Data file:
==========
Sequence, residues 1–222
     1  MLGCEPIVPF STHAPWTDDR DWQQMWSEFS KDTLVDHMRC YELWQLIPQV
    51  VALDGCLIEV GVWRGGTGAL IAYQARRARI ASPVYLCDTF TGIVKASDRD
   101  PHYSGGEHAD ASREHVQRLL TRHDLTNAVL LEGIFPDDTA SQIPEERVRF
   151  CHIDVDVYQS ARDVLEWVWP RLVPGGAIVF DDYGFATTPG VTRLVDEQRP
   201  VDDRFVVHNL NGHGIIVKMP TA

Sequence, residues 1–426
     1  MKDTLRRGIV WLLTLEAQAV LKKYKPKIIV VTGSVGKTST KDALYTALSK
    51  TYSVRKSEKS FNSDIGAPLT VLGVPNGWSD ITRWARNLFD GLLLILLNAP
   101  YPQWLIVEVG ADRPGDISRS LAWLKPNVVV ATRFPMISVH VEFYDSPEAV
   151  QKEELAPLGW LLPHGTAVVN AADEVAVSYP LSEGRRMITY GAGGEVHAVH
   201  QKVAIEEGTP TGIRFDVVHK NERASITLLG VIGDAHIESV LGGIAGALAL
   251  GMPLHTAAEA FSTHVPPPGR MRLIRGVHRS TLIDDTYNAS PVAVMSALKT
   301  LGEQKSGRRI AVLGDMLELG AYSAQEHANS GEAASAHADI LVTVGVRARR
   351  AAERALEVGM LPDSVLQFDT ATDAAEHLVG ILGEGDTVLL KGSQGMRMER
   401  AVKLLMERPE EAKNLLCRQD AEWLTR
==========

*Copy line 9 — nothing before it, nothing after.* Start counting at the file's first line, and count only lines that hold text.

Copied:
    51  TYSVRKSEKS FNSDIGAPLT VLGVPNGWSD ITRWARNLFD GLLLILLNAP